WANT to stay sharp into your old age and support brain health naturally through diet? According to research, blackcurrants could hold the key.
Exciting research is suggesting you may be able to boost your brain power and keep your brain healthy with anthocyanins, naturally-occurring fruit pigments that New Zealand blackcurrants are becoming famous for.
There is mounting evidence that diet and lifestyle play an important role in brain health and preventing age-related health disorders, and eating a flavonoid-rich diet may improve your brain health, cognitive function and memory.
Studies have found that flavonoids found in berries improve blood flow to the brain and also increase the number of, and strengthen the connections between, neurons, because of their suggested ability to improve cell signalling.6
Now, researchers in New Zealand are excited about the discovery that locally-grown blackcurrants naturally contain a nutrient – or to be specific, a neuropeptide - called cyclic Glycine-Proline (cGP), which is important for maintaining brain function as we age.
The paper9, published in the Journal Nutrients last year, found 600mg daily intake of a New Zealand blackcurrant extract for 28 days increased cGP levels by 19% in subjects tested in the study.
According to the New Zealand Herald, the scientist leading the project, Dr Jian Guan, an associate professor at the University of Auckland Centre for Brain Research, came across this world-first finding in blackcurrants by pure chance in the course of her research.
The newspaper reports she found patients who were consuming this New Zealand berry fruit as part of their diets had elevated levels of cGP. The findings are exciting because: "it is something completely natural with potential to support the health of ageing people and their lifestyles".
Dr Guan says there are strong possibilities for New Zealand blackcurrants to be used in benefiting people with other health issues. “It’s unique to see a response like this in a natural product,” she says.
And if you needed any more encouragement, check out this fascinating BBC program, ‘How To Stay Young’, in which scientists declare anthocyanins are critical to keeping our brain healthy as we age – and that we should include several servings of ‘purple’ to our daily intake of fruit and vegetables.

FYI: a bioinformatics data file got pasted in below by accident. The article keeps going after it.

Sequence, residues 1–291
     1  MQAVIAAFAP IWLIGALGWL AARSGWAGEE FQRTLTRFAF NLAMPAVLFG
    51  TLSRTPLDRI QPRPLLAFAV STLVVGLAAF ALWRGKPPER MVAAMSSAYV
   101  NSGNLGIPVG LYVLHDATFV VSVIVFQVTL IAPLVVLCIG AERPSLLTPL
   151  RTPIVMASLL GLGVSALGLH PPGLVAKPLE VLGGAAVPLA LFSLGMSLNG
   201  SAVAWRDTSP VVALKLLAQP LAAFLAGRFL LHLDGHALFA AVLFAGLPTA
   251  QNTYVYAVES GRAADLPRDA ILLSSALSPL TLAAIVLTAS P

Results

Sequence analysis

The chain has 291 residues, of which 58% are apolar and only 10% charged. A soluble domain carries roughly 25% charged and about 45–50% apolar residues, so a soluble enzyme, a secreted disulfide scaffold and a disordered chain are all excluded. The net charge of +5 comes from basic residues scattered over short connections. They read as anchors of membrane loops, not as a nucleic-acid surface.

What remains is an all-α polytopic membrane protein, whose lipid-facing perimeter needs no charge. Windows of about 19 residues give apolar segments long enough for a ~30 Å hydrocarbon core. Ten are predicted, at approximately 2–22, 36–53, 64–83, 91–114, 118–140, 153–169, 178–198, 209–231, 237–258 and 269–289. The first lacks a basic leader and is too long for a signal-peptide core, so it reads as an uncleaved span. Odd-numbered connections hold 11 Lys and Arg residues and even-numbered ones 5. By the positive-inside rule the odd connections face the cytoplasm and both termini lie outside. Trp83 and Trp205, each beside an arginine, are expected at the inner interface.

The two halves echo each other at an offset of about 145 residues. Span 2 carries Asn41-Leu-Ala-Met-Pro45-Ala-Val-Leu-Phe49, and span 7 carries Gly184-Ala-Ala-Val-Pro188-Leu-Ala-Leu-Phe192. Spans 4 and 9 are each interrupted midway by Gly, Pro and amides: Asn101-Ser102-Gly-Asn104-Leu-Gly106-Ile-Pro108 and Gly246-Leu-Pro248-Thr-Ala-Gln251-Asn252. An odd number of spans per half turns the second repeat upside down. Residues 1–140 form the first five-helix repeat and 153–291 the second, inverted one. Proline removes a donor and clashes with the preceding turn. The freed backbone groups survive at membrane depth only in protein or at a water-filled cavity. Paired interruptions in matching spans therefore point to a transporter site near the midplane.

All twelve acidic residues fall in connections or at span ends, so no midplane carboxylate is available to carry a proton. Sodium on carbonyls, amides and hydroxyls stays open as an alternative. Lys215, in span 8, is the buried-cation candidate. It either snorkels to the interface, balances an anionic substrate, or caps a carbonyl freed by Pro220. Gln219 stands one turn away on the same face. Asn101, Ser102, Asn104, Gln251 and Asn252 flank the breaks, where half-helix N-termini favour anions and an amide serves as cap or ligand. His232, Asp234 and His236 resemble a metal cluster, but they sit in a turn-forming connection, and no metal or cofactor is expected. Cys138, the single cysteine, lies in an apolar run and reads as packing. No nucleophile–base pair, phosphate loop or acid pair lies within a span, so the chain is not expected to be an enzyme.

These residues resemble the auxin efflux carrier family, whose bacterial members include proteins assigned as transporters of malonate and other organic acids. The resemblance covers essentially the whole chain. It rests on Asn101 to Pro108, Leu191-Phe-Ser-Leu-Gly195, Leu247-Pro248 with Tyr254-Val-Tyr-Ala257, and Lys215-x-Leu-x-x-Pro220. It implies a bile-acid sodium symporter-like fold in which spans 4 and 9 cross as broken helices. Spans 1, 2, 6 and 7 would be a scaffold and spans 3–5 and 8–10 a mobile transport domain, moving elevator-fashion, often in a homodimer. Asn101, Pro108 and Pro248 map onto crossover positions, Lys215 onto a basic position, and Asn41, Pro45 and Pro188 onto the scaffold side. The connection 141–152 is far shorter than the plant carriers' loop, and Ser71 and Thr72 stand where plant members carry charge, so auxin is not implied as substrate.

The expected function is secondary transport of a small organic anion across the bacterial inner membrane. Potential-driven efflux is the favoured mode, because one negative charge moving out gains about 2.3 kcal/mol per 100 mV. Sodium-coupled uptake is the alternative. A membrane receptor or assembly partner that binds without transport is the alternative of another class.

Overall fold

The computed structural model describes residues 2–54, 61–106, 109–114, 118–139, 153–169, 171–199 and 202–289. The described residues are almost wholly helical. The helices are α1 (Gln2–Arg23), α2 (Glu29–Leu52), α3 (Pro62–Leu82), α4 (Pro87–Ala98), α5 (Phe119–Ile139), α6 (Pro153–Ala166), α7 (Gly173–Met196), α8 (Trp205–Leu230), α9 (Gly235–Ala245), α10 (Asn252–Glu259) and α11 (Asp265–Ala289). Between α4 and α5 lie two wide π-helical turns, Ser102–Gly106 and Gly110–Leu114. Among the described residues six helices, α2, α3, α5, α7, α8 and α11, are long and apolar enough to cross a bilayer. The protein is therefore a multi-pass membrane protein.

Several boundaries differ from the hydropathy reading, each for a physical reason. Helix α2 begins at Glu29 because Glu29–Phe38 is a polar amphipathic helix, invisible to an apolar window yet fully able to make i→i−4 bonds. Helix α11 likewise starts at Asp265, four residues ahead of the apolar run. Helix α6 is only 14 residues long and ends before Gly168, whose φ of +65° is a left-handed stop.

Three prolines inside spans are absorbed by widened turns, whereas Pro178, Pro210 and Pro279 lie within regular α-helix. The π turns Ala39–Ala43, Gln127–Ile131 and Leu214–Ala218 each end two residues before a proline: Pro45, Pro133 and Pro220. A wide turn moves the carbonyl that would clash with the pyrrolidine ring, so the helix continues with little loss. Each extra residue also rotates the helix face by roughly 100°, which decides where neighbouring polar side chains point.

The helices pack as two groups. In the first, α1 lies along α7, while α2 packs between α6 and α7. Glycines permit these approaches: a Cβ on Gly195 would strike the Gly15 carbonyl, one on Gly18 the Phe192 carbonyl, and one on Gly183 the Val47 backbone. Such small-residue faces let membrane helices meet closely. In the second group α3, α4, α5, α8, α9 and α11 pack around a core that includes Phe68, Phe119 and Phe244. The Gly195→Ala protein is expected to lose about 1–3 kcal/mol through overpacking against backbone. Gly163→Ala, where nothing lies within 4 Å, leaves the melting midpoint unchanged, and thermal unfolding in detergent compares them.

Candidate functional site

- Effect of flavonoids on learning, memory and neurocognitive performance: relevance and potential implications for Alzheimer's disease pathophysiology. Vauzour D. J Sci Food Agric.2014 Apr;94(6):1042-56. doi: 10.1002/jsfa.6473. Epub 2013 Dec 12.
- Dietary levels of pure flavonoids improve spatial memory performance and increase hippocampal brain-derived neurotrophic factor. Rendeiro C1, Vauzour D, Rattray M, Waffo-Téguo P, Mérillon JM, Butler LT, Williams CM, Spencer JP. PLoS One.2013 May 28;8(5):e63535. doi: 10.1371/journal.pone.0063535. Print 2013.
- Dietary polyphenols as modulators of brain functions: biological actions and molecular mechanisms underpinning their beneficial effects. Vauzour D. vOxid Med Cell Longev.2012;2012:914273. doi: 10.1155/2012/914273. Epub 2012 Jun
- Neuroinflammation: modulation by flavonoids and mechanisms of action. Spencer JP1, Vafeiadou K, Williams RJ, Vauzour D. Mol Aspects Med.2012 Feb;33(1):83-97. doi: 10.1016/j.mam.2011.10.016. Epub 2011 Nov 15.
- Polyphenols and human health: prevention of disease and mechanisms of action. Vauzour D1, Rodriguez-Mateos A, Corona G, Oruna-Concha MJ, Spencer JP. Nutrients.2010 Nov;2(11):1106-31. doi: 10.3390/nu2111106. Epub 2010 Nov 8.
- Flavonoids and cognition: the molecular mechanisms underlying their behavioural effects. Spencer JP1, Vauzour D, Rendeiro C. Arch Biochem Biophys.2009 Dec;492(1-2):1-9. doi: 10.1016/j.abb.2009.10.003. Epub 2009 Oct 12.
- The neuroprotective potential of flavonoids: a multiplicity of effects. Vauzour D1, Vafeiadou K, Rodriguez-Mateos A, Rendeiro C, Spencer JPGenes Nutr. 2008 Dec;3(3-4):115-26. doi: 10.1007/s12263-008-0091-4.Brain Res. 2014 Mar 25;1555:60-77. doi: 10.1016/j.brainres.2014.01.047. Epub 2014 Feb 3.
- Neuroprotective effects of anthocyanin- and proanthocyanidin-rich extracts in cellular models of Parkinson׳s disease.Strathearn KE1, Yousef GG2, Grace MH2, Roy SL1, Tambe MA1, Ferruzzi MG3, Wu QL4, Simon JE4, Lila MA2, Rochet JC5.
- Supplementation of Blackcurrant Anthocyanins Increased Cyclic Glycine-Proline in the Cerebrospinal Fluid of Parkinson Patients: Potential Treatment to Improve Insulin-Like Growth Factor-1 Function. Fan D1,2,3, Alamri Y4,5,6, Liu K7,8,9, MacAskill M10, Harris P11, Brimble M12,13, Dalrymple-Alford J14,15,16, Prickett T17, Menzies O18, Laurenson A19, Anderson T20,21,22,23,24,25, Guan J26,27,28. Nutrients 2018 Jun 2;10(6). pii: E714. doi: 10.3390/nu10060714.